With petroleum consumption declining temporarily after V-J day, the oilindustry is urged to use this period as a kind of stopgap to rebuild itswar-depleted inventories and help cushion the effect of this decline onproducers and refiners. Higher inventories should be reestablished, sincerecent experiences have indicated that, by and large, the present inventoriesof crude oil are too low even with the tremendous current production available.The following analysis indicates that inventory levels could be built up toabout 490,000,000 bbl. by the end of 1947, an increase of about 40,000,000 bbl.over the reported stock estimated far the war's end. If at the end of the warthe military have some 20,000,000 bbl. on hand, this inventory will either beresold to the industry or certain demands that have been assumed to be met byindustry will be supplied out of these military stocks, which would leave about 20,000,000 bbl. (net) to be built up from current production. For stockrebuilding the industry could use 10,000,000 bbl. of crude plus 10,000,000 bbl.of products, totaling 20,000,000 bbl. If this were spread over a year, thiswould mean 55,000 bbl. a day. By analyzing the average inventories held in ayear with the total quantity of goods handled during the year, the followingstudy and tables indicate how far the inventories should increase in theimmediate postwar period.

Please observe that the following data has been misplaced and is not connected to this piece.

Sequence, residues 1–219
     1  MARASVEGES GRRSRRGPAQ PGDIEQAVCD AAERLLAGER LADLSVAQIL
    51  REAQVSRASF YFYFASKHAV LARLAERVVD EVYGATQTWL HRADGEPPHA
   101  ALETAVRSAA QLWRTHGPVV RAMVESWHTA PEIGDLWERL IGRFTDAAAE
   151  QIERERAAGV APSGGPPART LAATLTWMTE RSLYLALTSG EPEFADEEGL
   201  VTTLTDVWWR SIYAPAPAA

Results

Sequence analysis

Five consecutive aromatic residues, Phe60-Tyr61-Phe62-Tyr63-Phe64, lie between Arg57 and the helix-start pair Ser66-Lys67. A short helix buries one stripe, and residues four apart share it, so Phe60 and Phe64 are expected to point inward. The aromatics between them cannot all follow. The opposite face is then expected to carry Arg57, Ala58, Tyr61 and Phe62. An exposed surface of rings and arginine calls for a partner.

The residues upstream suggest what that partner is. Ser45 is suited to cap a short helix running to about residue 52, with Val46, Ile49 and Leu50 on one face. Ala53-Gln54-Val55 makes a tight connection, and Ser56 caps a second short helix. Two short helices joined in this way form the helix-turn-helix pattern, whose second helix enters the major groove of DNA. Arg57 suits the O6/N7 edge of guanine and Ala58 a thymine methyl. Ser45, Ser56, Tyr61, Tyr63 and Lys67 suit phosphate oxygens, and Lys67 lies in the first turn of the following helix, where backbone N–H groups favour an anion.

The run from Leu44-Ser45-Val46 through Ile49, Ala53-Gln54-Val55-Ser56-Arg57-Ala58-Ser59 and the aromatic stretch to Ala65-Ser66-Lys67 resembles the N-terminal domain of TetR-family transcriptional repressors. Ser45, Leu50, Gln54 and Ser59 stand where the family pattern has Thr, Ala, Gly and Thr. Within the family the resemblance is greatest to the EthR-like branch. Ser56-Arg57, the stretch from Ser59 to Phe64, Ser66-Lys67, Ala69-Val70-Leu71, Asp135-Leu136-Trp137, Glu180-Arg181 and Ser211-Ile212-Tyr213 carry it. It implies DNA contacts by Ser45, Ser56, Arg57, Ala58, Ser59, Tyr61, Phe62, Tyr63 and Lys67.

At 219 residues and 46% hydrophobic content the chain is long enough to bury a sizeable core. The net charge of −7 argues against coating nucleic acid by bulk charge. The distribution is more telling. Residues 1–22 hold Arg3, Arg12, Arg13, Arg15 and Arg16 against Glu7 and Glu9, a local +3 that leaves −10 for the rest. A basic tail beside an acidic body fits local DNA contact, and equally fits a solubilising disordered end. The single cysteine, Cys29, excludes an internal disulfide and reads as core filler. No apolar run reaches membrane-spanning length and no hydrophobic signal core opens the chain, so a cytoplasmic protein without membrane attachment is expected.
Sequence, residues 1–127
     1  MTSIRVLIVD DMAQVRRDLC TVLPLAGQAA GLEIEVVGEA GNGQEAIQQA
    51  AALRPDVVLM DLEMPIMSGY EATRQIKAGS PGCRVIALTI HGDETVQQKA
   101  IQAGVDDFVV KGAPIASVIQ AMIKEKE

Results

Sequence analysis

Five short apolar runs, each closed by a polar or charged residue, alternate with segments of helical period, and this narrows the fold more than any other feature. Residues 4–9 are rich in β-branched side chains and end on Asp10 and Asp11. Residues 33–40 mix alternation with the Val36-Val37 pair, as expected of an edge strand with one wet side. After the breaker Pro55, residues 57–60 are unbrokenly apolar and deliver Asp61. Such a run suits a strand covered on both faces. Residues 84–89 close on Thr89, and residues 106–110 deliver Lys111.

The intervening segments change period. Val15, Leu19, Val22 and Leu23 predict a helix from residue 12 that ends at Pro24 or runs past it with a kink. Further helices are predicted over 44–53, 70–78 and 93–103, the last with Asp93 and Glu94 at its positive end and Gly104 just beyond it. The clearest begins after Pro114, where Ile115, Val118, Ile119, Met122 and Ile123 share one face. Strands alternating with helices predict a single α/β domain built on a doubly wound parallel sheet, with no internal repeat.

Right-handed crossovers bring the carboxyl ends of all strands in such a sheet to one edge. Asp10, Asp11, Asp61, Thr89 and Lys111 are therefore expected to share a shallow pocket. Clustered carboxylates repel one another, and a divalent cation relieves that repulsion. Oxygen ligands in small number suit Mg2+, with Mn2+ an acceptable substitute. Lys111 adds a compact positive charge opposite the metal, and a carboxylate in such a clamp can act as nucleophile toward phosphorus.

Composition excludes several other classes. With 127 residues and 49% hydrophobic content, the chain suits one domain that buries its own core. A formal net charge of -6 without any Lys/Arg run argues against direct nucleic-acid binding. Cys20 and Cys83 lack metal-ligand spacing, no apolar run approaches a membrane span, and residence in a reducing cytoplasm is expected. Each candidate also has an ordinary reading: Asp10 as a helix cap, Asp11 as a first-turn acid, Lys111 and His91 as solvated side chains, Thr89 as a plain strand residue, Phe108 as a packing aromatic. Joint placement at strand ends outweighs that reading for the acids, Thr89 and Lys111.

For the period immediately following V-J day, most of the petroleumeconomists have forecast a considerable decline in the total consumption ofpetroleum and its products in the United States. This will be caused by theelimination of most of the military demands and the inability of civilians toimmediately replace automobiles, burners, etc., and thus increase theirrequirements to make up for the military decline. When the automobile industryhas been back on full production for two or three years, civilians will be ableto consume much larger quantities of gasoline. Delay in the manufacture of newoil burners and the time it takes to construct new homes, adds up to the samestory for distillate fuels. In reviewing this outlook, the question has arisenwhether the petroleum industry should not use this period of lower consumptionas a kind of stopgap to rebuild its war-depleted inventories and help cushionthe effect on producers and refiners of this sudden drop in requirements. Somepersons have indicated that hundreds of thousands of barrels a day could beused for this purpose extending over a year or more. Refineries will be inexistence, which could run over 5,000,000 bbl. of crude oil a day and crude-oilproduction might be running 600,000 to 700,000 bbl. a day above the demands nowforecast for the period after V-J day.

T.P. 1870

This content is only available via PDF.